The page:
Archive for the ‘#RandomNovelResearch’ Category

#RandomNovelResearch – Cryovolcano

February 28, 2013

Over on Twitter, I post an occasional topic with the hashtag #RandomNovelResearch. (Okay, just searched the hashtag and my old tweets and discovered that I haven’t posted a #RandomNovelResearch item in a couple of months – but that doesn’t mean they’re not pretty cool! I’ll post more, promise!)

Anyway, my point was that as I’m writing along, happily making stuff up, I occasionally find myself wanting to know if what I’m making up has the slightest chance of being believable. So I do a quick search on keywords that come close to what I’m writing about – and in the process, sometimes find some pretty cool *real* stuff!

Sotra Facula Ice Volcano, Titan (NASA image)For example, w-a-a-y back in December, I just read about a possible cryovolcano on Saturn’s moon Titan. A cryovolcano, if you didn’t already know, is a volcano that spews a mixture of slushy ice and minerals, rather than ash and lava. Personally, I think that’s pretty cool! (pun intended)

Is there a cryovolcano in the novel I just finished writing (yay!) and am in the process of editing? Sadly, no. But you can bet one is likely to show up in a future story – and if not a story of mine, probably one by another writer. And that’s the point of the #RandomNovelResearch hashtag: sharing ideas with anyone who might find them interesting.

If you stumble on a cool bit of info, use the #RandomNovelResearch tag to share the link with other readers and writers. Let’s grow this topic as a idea bank. ‘Cause you know that no two of us are going to write the same story, even if we use the same shiny topic as our jumping-off point.

What’cha think?

#RandomNovelResearch – Dark Fireworks

November 11, 2012

NASA Science News - frame from ultraviolet movie of the explosion shows a 'solar tsunami' wave

You have to visit this NASA Science News page – and watch the videos.

They’re awesome, just awesome.

Trust me on this. Have I ever led you astray?



This is going into a story… not sure when or how, but wow, how could I not use it?



Run for cover!

August 1, 2012

Mount Pinatubo - photo by Alberto Garcia/CorbisWatched a fascinating video recently – In the Path of a Killer Volcano, a NOVA special about the 1991 eruption of Mount Pinatubo, in the Philippines. Not only was it simply spectacular to watch (safely, from a distance of many years and many thousands of miles), but it also put me in mind of the scenario I’d envisioned when writing Memory at Lascaux, and the world-altering events in that story.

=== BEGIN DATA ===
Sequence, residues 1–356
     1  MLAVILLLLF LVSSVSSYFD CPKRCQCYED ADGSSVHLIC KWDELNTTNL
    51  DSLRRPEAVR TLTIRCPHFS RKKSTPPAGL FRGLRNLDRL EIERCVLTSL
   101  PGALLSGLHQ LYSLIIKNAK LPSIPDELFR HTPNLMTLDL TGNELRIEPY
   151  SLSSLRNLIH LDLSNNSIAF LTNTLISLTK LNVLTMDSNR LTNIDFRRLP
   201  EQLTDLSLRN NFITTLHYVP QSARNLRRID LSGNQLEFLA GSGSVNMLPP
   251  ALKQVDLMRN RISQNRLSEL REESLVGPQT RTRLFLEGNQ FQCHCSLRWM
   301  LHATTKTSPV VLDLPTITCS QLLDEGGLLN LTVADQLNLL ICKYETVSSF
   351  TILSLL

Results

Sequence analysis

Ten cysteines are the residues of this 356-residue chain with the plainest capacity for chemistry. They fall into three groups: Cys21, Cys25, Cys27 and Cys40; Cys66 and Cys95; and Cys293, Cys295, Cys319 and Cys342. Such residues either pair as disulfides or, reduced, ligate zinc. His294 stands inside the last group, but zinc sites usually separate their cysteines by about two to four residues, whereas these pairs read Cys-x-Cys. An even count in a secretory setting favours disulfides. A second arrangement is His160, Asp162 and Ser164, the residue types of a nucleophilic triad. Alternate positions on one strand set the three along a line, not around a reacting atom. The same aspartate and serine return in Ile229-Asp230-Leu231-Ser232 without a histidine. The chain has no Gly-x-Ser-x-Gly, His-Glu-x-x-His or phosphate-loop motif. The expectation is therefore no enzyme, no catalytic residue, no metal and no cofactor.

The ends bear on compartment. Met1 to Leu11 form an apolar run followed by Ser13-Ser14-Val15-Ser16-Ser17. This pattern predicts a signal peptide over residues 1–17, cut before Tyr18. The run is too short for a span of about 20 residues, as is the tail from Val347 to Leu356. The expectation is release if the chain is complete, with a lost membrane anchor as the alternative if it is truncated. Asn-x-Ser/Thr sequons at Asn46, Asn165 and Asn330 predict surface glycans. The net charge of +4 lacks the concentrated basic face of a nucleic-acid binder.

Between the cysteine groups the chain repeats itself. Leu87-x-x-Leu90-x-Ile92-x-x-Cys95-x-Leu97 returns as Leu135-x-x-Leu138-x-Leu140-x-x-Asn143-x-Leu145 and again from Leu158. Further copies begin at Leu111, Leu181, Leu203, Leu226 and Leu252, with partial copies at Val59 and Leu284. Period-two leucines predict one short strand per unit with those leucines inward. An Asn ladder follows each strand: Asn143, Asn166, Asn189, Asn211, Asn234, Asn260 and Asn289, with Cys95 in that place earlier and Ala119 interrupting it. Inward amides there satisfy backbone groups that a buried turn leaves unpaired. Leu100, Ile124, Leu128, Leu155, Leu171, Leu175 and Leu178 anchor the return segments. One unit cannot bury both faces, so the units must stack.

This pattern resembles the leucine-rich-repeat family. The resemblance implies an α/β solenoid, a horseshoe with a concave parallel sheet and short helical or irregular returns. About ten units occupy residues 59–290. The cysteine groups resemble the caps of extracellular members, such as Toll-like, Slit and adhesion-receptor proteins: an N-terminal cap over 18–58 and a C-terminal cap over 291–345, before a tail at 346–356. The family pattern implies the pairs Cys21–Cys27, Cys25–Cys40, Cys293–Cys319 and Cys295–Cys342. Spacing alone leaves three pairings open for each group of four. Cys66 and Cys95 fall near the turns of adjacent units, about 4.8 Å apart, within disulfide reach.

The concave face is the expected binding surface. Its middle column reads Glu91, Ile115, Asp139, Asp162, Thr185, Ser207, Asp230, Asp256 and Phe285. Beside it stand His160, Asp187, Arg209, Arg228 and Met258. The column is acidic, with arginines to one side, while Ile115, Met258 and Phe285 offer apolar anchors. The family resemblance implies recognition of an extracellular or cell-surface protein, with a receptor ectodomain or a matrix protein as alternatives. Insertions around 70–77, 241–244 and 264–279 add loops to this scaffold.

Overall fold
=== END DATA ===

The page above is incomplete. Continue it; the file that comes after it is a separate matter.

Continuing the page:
We live on an amazing planet, with forces we cannot begin to control. I am in awe…

Expect the unexpected…

April 9, 2011

I was very happy a few days ago when I read the NASA report that the Voyager spacecraft are at the edge of the solar system, and about to enter interstellar space.


Because I remember when they took off – I was in high school, and wrote a report for my English class. My report would have been much better if I’d had access to resources like the Jet Propulsion Laboratory’s Voyager mission page; I had to rely on newspaper reports and what I could glean from faithfully watching NOVA on telelvision, hosted by Carl Sagan.

NASA_Voyager Golden Record CoverOf course, now reports of the Voyager missions make me happy for another reason. I’m a science fiction writer. And what’s cooler than to incorporate something real into a science fiction story? Well, that’s exactly what I’ve done – and it’s been a blast. (And no, I’m not taunting you – the novel, Synth: Gold Record,  will be coming out soon, so check back for the announcement!)

In the meantime, I loved the closing passage from the NASA report so much that I wanted to repost it here (but really, click on the links above and read the whole report for yourself – it’s “way cool!” as we used to say in the seventies):

“A billion years from now, when everything on Earth we’ve ever made has crumbled into dust, when the continents have changed beyond recognition and our species is unimaginably altered or extinct, the Voyager record will speak for us,” wrote Carl Sagan and Ann Druyan in an introduction to a CD version of the record.

Some people note that the chance of aliens finding the Golden Record is fantastically remote. The Voyager probes won’t come within a few light years of another star for some 40,000 years. What are the odds of making contact under such circumstances?

On the other hand, what are the odds of a race of primates evolving to sentience, developing spaceflight, and sending the sound of barking dogs into the cosmos?

Expect the unexpected, indeed.